Criticism of the ICSID annulment process is also hard to refute. Whether by design, over-reaching of the tribunals appointed in annulment proceedings, or misuse by the (mostly state) parties seeking annulment, the process has turned into a very different creature from that which the ICSID Convention originally intended. There remains real scope for states, investors, practitioners, academics and interest groups to give thought to a way in which the annulment process could be improved or, indeed, replaced. As yet, however, the suggestions being offered, including some form of appeal mechanism, remain embryonic.
- A more streamlined process
It is also fair to complain about the length of time taken to bring an investment treaty to a conclusion. In the light of a recent study finding that an ICSID arbitration takes an average of 3.6 years, many may believe efforts can and should be made by all concerned to make the process more efficient and cost effective.
So what does the future hold? States need to decide whether there is still merit in offering investment protection in the form of treaties or free trade agreements (FTAs). Some, like South Africa, appear to have decided to the contrary, and Australia has determined that ISDS will be considered on a case by case basis. Yet it is worth bearing in mind that both these states are resource-rich nations that will always attract investment. For other states this is a highly nuanced picture: Is it necessary between developed nations with established and reliable domestic court systems? Is it necessary for states negotiating with the EU, where not all courts create the same level of confidence in the eyes of foreign investors? Should investor protection be part of, or separate to, free trade negotiations?
Even once those questions are resolved, states who do decide to enter into investment treaties must acknowledge that investors can only claim the protections that are offered to them. If states wish to retain the right to regulate certain parts of their economy, to limit the ability of treaty-shopping shell companies to claim, or to limit the meaning of certain protections, the power rests with them to enter into new treaties on that basis. Given the backlash against CETA and the TTIP, we should and must expect real developments in this sphere over the coming years.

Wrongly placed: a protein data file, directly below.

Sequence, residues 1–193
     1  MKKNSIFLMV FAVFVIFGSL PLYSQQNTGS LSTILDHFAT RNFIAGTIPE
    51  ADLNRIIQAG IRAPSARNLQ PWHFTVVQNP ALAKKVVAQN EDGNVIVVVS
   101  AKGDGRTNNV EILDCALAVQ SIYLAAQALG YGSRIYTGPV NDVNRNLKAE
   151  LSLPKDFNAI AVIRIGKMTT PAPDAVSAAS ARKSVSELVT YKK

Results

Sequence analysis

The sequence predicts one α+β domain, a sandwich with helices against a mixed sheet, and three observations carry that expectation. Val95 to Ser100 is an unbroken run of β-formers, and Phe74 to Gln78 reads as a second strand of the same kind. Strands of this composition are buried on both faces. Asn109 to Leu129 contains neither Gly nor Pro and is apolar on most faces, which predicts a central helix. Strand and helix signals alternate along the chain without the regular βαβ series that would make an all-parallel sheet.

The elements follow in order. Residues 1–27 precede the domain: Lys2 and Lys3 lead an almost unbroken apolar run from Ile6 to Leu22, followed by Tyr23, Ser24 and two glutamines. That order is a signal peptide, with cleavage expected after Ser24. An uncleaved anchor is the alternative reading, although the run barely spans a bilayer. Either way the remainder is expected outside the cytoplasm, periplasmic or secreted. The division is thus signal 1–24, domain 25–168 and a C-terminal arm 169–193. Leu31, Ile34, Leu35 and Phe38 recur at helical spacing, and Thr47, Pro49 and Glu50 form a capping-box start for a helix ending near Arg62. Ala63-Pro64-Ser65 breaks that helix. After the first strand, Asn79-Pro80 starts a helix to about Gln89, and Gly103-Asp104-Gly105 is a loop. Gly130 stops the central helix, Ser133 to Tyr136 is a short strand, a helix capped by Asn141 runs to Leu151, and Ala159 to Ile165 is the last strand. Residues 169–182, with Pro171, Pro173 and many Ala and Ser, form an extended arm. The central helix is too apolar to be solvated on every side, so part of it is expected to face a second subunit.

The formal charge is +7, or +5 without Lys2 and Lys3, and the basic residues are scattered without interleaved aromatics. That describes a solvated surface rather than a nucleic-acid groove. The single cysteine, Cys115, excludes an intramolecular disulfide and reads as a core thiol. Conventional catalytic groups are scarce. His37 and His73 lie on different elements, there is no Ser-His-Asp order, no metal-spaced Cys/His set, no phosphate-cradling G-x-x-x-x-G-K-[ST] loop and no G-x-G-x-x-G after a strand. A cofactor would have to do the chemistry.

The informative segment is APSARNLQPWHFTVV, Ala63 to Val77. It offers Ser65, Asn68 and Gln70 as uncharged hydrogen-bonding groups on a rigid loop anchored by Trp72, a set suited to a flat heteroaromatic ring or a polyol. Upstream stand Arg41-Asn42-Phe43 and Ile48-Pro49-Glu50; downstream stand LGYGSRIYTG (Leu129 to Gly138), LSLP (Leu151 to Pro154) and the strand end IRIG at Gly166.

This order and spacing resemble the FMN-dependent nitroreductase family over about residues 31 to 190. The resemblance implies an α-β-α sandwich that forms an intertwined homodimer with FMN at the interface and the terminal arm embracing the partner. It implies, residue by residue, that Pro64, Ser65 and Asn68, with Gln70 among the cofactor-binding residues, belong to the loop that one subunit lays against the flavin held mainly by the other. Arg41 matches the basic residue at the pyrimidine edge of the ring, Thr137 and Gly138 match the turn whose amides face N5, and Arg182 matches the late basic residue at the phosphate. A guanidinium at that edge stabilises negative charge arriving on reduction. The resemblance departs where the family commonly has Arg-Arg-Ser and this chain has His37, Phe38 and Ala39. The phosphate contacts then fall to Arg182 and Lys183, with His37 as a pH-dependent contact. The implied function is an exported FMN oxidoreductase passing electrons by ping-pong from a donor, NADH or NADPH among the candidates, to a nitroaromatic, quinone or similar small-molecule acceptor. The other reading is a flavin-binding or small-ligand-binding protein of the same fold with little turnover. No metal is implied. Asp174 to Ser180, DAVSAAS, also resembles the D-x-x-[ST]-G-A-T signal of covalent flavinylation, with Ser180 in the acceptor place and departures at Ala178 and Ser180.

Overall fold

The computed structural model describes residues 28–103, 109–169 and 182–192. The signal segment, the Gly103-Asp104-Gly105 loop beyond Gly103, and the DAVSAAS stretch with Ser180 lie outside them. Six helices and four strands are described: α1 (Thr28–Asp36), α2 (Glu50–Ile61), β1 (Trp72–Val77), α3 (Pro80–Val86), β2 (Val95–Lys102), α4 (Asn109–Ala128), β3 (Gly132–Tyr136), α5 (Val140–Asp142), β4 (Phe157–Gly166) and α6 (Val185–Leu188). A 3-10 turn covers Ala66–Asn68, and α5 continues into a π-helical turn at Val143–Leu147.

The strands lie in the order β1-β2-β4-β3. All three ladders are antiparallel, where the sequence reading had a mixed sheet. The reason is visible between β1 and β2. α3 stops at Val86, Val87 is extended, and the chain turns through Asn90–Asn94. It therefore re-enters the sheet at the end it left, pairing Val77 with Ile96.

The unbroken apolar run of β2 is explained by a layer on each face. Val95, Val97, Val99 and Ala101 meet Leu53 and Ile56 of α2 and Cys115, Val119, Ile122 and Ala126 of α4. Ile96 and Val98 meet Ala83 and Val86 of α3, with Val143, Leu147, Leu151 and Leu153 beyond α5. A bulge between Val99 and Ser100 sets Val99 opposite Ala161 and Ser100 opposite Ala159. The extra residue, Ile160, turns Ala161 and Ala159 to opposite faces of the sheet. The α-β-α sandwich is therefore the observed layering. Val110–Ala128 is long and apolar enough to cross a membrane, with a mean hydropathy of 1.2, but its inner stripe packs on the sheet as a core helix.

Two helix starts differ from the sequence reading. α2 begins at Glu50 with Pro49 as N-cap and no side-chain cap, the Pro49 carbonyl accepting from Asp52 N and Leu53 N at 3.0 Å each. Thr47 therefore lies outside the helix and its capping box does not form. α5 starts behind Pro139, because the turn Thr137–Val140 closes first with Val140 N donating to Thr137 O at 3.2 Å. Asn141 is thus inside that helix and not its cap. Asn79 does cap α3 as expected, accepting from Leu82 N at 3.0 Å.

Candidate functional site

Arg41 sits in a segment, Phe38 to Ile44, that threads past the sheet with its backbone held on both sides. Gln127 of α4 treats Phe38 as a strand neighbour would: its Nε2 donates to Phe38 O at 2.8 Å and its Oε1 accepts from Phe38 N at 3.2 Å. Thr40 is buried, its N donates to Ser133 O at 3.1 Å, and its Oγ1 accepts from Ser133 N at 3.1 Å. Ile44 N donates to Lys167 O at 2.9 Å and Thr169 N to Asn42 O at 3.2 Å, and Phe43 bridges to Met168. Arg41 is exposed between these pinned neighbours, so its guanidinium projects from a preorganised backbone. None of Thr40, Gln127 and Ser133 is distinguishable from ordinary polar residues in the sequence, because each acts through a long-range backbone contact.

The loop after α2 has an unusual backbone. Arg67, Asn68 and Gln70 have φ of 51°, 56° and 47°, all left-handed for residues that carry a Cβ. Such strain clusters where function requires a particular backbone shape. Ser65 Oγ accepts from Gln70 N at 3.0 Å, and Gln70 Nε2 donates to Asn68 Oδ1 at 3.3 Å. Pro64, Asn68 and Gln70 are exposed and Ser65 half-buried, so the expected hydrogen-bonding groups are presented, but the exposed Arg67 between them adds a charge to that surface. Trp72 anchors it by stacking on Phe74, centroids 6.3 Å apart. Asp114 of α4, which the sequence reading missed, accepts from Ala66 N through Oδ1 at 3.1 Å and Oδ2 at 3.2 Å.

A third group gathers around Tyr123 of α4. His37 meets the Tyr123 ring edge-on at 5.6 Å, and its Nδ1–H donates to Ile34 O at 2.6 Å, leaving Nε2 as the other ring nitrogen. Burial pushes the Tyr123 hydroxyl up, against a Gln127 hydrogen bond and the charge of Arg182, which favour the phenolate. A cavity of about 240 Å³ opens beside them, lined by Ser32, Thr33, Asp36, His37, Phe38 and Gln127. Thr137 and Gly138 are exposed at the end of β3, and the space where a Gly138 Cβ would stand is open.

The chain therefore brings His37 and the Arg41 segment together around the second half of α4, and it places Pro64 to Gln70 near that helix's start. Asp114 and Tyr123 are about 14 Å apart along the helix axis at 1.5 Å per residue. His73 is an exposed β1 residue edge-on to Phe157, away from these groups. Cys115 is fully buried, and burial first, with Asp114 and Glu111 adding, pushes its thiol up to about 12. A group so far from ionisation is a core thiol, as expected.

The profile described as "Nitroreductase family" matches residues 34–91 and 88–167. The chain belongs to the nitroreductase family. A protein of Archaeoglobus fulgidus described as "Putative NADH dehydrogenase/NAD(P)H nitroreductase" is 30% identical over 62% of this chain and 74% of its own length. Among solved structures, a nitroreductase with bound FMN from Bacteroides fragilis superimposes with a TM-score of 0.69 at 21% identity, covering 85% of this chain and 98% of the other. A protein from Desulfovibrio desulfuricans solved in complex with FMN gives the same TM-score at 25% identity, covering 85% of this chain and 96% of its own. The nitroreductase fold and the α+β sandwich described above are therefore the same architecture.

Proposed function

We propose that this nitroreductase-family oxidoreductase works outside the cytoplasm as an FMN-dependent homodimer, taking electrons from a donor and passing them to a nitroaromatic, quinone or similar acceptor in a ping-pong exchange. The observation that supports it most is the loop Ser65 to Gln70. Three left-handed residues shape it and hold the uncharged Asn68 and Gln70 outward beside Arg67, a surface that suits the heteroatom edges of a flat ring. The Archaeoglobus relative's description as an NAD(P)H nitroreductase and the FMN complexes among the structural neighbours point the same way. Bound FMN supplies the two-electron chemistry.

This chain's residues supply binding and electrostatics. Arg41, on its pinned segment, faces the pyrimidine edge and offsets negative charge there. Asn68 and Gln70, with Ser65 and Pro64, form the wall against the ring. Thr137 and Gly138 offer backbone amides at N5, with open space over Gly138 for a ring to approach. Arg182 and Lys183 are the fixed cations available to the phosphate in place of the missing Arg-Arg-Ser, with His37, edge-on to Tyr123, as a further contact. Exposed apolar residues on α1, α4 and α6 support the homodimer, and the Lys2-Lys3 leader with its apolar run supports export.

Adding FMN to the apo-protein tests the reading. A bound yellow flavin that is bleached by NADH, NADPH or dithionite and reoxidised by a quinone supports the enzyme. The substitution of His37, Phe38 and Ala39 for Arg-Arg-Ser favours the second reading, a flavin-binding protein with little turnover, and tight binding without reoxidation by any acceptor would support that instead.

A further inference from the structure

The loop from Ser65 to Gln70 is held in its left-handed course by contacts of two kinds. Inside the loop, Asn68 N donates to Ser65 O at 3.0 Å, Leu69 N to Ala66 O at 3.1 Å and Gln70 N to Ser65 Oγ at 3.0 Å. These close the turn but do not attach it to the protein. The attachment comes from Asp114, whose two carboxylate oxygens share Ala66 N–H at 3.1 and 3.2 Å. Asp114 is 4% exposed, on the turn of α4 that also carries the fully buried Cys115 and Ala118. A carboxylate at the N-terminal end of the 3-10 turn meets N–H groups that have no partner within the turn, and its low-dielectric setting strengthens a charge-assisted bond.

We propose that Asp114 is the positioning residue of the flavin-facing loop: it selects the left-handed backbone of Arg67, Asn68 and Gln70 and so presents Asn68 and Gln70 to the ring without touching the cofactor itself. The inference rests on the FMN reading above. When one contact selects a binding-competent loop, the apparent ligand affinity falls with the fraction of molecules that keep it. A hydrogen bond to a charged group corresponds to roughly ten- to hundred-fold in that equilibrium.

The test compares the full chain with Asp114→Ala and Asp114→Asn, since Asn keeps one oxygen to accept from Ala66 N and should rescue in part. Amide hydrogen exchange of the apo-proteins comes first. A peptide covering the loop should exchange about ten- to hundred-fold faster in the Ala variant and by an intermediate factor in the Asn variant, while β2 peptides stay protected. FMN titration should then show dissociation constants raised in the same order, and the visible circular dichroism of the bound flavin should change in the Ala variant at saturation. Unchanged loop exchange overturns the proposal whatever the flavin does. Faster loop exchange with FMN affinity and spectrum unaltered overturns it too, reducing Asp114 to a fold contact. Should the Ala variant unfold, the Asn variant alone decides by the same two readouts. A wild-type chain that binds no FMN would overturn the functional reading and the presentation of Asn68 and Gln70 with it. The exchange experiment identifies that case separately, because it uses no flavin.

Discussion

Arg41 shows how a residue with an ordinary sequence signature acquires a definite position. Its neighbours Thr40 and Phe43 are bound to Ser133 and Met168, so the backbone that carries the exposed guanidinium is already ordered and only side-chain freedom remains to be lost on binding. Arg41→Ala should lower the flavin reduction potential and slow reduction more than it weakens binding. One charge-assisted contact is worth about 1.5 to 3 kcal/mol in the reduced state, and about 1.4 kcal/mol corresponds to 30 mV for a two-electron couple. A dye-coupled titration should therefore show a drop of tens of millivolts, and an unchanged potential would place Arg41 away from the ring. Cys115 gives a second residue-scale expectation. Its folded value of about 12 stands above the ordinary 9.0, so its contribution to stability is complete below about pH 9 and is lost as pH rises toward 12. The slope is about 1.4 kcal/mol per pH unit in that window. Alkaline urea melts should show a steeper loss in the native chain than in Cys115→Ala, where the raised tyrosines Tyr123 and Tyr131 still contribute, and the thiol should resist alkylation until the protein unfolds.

And finally, what is the future for arbitration in resolving disputes under investment treaties? If we decide that investment protection is important, then we must also acknowledge that in many regions of the world, the best custodians of that protection may well not be national courts. If we accept this to be the case, then an international system of dispute resolution is required. ICSID was established with this aim. Current fledgling proposals regarding standing international tribunals of state-appointed arbitrators do not appear to resolve concerns about legitimacy, and run the risk of being far more expensive and less reliable than the current system.
While we should anticipate change in the scope of investment protections offered going forward, and increasing revision of past treaties, the future for investor-state dispute settlement is far less certain. I, for one, hope that the benefits of arbitration do not get lost in the debate.